Academy Award-winning director Martin Scorsese made his long-awaited return to the big screen this past October with his most ambitious project yet, “Killers of the Flower Moon” (R, 3hr 26 min). The film, based on a 2017 book of the same name by David Grann, explores the FBI’s investigation into a series of Osage murders following the discovery of oil on their tribe’s land. The story is based on real events set in 1920s Oklahoma. The film is heavy on social commentary, emotion, and visuals but does all of this warrant its 3.5 hour runtime?
Leonardo DiCaprio, Robert DeNiro and Lily Gladstone all stand out in their respective roles which are based on real life people. DeNiro, who’s been working with Scorsese since 1973, plays cattle baron William Hale who befriends the Osage while conspiring to murder them in the hopes of gaining complete control of their oil filled land. Hale is portrayed with great simplicity, disguising his vile intentions with calm and helpful gestures to the tribe. DiCaprio plays his clueless and mild-mannered nephew Ernest Burkhart, performing with a twangy southern accent and delivering frightening and uneasy facial expressions throughout the film.
The movie is primarily told from the perspective of William and Ernest’s relationship as well as the FBI’s investigation. A majority of the trauma experienced by the Osage is depicted through Lily Gladstone’s character, an Osage woman and Ernest’s wife, Mollie Burkhart. Gladstone does an incredible job of showing her gradual descent into hopelessness through both the physical and emotional pain she deals with during the movie. Although the film felt like it was lacking a good amount of Osage point of view, there is no doubt that the evil intentions of Hale were clear, and the crimes committed against the tribe were brutally presented.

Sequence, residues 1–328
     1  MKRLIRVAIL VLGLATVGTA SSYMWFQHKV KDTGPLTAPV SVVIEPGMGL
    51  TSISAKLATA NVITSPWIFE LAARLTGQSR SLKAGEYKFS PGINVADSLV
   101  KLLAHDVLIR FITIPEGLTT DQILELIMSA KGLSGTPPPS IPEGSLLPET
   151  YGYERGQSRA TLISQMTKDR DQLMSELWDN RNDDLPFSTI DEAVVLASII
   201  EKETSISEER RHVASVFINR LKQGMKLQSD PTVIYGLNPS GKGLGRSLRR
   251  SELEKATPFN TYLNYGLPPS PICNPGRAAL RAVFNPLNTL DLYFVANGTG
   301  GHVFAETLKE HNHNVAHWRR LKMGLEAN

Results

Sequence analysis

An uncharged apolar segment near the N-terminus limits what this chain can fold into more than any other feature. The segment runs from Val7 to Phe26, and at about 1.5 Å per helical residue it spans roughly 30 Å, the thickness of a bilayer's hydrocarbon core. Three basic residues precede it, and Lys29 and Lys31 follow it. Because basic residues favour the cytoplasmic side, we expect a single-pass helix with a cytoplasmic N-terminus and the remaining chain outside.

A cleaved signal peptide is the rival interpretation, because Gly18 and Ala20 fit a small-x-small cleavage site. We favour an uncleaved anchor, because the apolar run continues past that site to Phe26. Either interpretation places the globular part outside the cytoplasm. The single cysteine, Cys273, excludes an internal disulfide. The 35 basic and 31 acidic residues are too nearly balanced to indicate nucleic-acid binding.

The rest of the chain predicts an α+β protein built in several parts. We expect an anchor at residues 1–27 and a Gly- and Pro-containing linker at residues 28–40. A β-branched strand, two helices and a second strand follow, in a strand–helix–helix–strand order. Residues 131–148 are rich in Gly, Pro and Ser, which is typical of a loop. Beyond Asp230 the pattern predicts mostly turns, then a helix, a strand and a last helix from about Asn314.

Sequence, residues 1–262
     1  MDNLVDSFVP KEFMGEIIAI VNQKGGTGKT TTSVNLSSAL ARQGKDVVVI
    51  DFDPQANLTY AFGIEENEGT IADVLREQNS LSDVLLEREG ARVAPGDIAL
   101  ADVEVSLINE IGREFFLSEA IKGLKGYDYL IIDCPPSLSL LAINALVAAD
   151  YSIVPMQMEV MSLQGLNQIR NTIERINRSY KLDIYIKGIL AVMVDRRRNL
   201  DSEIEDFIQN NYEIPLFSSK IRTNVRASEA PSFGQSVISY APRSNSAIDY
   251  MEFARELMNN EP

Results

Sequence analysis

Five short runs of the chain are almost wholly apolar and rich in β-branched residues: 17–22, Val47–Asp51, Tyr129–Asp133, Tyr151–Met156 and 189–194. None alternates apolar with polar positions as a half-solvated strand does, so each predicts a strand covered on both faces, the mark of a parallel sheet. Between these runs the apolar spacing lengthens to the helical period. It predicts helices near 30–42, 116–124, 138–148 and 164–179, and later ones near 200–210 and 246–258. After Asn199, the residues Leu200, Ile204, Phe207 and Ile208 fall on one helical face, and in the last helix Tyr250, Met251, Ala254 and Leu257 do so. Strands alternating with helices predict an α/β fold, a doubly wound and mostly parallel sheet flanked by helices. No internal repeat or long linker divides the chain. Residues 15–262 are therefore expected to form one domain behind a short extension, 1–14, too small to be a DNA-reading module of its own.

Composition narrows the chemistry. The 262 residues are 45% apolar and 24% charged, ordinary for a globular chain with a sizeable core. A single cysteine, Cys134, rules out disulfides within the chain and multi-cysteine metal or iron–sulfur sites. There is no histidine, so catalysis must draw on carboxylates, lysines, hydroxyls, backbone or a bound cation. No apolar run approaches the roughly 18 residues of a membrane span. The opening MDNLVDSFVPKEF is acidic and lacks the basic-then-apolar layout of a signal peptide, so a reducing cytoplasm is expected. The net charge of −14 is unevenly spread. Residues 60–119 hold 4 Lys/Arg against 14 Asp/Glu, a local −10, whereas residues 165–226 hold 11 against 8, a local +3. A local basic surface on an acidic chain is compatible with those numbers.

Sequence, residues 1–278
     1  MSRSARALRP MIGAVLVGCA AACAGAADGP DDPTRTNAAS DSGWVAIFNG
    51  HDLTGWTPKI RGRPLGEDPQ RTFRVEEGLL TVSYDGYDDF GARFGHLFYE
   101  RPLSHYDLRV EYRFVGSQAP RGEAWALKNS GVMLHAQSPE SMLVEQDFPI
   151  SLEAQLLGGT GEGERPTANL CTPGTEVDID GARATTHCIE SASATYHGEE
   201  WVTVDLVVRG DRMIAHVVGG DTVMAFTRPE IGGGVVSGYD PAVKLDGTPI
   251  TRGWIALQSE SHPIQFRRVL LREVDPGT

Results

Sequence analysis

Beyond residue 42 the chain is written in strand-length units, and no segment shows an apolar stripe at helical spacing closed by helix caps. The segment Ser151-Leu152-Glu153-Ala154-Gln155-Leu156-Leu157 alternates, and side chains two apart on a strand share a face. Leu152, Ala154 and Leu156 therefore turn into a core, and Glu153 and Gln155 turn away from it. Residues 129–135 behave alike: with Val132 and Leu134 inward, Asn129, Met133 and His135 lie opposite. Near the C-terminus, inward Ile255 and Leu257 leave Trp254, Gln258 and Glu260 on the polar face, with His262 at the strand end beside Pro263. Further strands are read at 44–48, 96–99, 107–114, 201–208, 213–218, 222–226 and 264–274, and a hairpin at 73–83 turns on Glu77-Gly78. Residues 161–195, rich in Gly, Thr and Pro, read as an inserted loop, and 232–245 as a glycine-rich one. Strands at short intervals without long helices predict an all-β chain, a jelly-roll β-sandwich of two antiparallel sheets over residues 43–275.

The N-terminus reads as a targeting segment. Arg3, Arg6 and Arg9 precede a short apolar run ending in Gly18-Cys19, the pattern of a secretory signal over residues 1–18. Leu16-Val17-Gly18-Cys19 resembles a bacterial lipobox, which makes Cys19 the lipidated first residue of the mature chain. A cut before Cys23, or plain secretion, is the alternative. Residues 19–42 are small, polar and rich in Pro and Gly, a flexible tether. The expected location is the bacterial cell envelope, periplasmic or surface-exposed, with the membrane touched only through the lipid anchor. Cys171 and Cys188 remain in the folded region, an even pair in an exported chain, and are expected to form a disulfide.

Cinematographer Rodrigo Prieto, who previously worked on “The Wolf of Wall Street” and “The Irishman” with Scorsese, doesn’t disappoint here as the film is filled with stunning visuals. The wide shots capturing the beautiful Osage landscapes are particularly incredible and contribute a lot to the film’s epic scale. The framing of all the Osage murders is also notable, depicted with little camera movement or cuts to emphasize the significance of each death.
Despite the movie’s enormous 3 hour plus runtime, the film did not feel dragged out. Every scene seamlessly transitioned to the next. Conversations were incorporated with flashbacks to previous events so the audience could experience the horrifying revelations as the characters did too.
If anything, the film felt too short. Now that audiences are accustomed to the streaming era, it’s fair to argue that perhaps this story, with so many complicated and intriguing angles, should’ve been adapted into a 10-episode television series. Scorsese argues if people can binge watch streaming shows they should be able to sit through his 3-plus hour masterpiece, too. But one could easily argue the exact opposite: why watch the film in cinema if you could wait for it to drop on streaming?
It’s also important to note that the story is not an “action movie” as some of the marketing might have led viewers to believe. If you’re a fan of the eerie true crime genre, then “Killers of the Flower Moon” is a must watch in theaters. However, if a dreary investigation story isn’t your ideal go to experience at the cinemas, you’ll be fine viewing the film from the comfort of your home when it inevitably drops on digital.
The movie is still in theaters now where you can watch at Warehouse Cinemas Frederick and Regal Westview Cinemas.